The good points relate to the issue that we need to think carefully about how to address the problem of global warming. I mean how to do it effectively. It’s not enough to do something just for the sake of being able to tell ourselves that we are doing something.
    If Stephens is serious about the issue, he will report and discuss potential solutions that have been put forward. So I will wait and see before judging him on this. Maybe he is coming around on the issue and his column shows him in transition mode.

    Stephens says that global warming is for real, it is caused by man, we need insurance against it. So now it is about the effectiveness of alternative measures.

    For people who want to inform themselves about the issue I recommend Dieter Helm’s book “The carbon crunch.Revised and updated edition”, 2015, Yale University Press.
    Helm is professor of energy policy at University of Oxford. I suppose part 3 of the book, “What should be done” is the most important. But part 2, “Why is so little being achieved”, is important too.

  10. DrBrydon
    Posted May 4, 2017 at 11:15 am | Permalink

    Hmm. I found the piece completely unobjectionable.

    Claiming total certainty about the science traduces the spirit of science and creates openings for doubt whenever a climate claim proves wrong. Demanding abrupt and expensive changes in public policy raises fair questions about ideological intentions. Censoriously asserting one’s moral superiority and treating skeptics as imbeciles and deplorables wins few converts.

    He’s not saying that that is the fault of science, but of some of the popularizers of global warming. I don’t see how you can argue with his statement given the rush to attach every progressive goal to global warming, and the calls to censor ‘skpetics.’ Frankly, it turns people off to the core message.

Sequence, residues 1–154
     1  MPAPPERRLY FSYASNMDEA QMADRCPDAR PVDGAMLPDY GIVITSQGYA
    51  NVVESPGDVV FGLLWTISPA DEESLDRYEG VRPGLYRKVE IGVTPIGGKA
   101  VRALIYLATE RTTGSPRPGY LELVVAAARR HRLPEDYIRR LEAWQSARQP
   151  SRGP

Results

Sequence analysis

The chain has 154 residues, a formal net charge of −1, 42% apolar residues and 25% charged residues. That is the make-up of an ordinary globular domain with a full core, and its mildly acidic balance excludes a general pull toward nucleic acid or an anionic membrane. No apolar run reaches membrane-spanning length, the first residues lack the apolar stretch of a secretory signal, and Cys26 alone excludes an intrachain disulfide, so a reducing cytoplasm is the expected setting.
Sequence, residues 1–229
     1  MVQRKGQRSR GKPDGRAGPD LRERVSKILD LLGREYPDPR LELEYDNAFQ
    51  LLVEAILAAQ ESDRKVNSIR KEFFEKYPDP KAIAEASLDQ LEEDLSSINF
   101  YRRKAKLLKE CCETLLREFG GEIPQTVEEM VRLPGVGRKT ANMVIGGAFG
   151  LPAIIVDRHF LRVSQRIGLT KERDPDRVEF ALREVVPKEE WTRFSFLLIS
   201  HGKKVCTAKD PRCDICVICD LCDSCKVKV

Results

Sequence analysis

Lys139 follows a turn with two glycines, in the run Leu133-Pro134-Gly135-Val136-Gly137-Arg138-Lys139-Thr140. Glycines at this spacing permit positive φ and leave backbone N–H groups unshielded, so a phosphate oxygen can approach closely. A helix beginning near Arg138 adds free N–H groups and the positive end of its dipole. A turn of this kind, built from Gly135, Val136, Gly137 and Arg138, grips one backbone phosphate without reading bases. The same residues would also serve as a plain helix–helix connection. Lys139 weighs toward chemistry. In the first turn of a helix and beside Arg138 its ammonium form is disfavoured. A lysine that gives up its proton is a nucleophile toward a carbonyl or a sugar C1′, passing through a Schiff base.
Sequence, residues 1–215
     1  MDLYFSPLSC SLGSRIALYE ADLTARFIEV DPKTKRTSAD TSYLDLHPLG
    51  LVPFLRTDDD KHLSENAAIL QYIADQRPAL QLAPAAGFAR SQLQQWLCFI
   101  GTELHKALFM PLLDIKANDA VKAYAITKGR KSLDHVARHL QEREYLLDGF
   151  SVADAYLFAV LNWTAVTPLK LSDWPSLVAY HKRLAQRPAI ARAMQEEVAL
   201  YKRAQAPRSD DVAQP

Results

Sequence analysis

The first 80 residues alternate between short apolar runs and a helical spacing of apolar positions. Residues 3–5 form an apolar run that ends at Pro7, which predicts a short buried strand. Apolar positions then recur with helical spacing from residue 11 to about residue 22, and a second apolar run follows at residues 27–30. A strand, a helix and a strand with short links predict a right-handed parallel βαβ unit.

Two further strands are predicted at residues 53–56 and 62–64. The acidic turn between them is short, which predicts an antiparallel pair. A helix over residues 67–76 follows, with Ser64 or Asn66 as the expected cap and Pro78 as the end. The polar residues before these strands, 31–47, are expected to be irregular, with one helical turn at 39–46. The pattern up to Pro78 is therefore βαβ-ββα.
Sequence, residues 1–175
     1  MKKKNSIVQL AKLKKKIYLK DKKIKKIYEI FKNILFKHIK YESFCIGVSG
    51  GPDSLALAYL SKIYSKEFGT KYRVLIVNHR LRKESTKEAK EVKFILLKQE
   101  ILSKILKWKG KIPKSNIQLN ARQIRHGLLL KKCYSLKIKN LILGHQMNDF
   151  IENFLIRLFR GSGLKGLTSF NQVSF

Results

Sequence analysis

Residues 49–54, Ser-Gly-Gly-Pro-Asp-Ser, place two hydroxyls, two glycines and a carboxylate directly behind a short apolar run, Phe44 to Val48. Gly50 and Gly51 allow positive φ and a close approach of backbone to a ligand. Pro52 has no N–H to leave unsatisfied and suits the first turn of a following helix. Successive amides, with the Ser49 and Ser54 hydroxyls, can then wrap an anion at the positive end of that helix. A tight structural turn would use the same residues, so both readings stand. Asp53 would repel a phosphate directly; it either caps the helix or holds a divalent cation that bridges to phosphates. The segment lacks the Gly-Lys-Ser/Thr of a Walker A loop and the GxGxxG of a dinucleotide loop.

I see the reaction to his as a perfect example of what he’s talking about, and of the Regressive Left’s practice of squelcing any discourse they see as violating in any way their view of the issue.

    I think someone saw a ‘conservative’ writing about ‘global warming,’ and called out the ballyho boys.

    • Zach
      Posted May 4, 2017 at 12:12 pm | Permalink

      I, too, found the piece unobjectionable. And his point about climate change alarmists acting morally superior is a fair one. Surely I’m not the only one who has noticed the “Repent, ye wretched sinners!” tone in some of their rhetoric.

      With that said, I think his concern about “ideological intentions” can easily be turned back on him. Would he support a carbon tax, or some other measure, that would incentivize people and industries to move away from fossil fuels as an energy source? I somehow doubt it.

    • Zach
      Posted May 4, 2017 at 12:32 pm | Permalink

      Speaking about carbon emissions, I got into a bit of an argument with someone awhile back about the carbon footprint of Tesla cars—specifically about how much the production of lithium ion batteries contributes to it.

      I didn’t feel like looking up numbers at the time, and I’ve regretted my intellectual laziness ever since. So here: this article seems to be a pretty fair tally. It concludes that, once gasoline production is weighted against battery production (including all the other variables), the carbon footprint of a Model S “is roughly comparable to that of the Scion iQ.”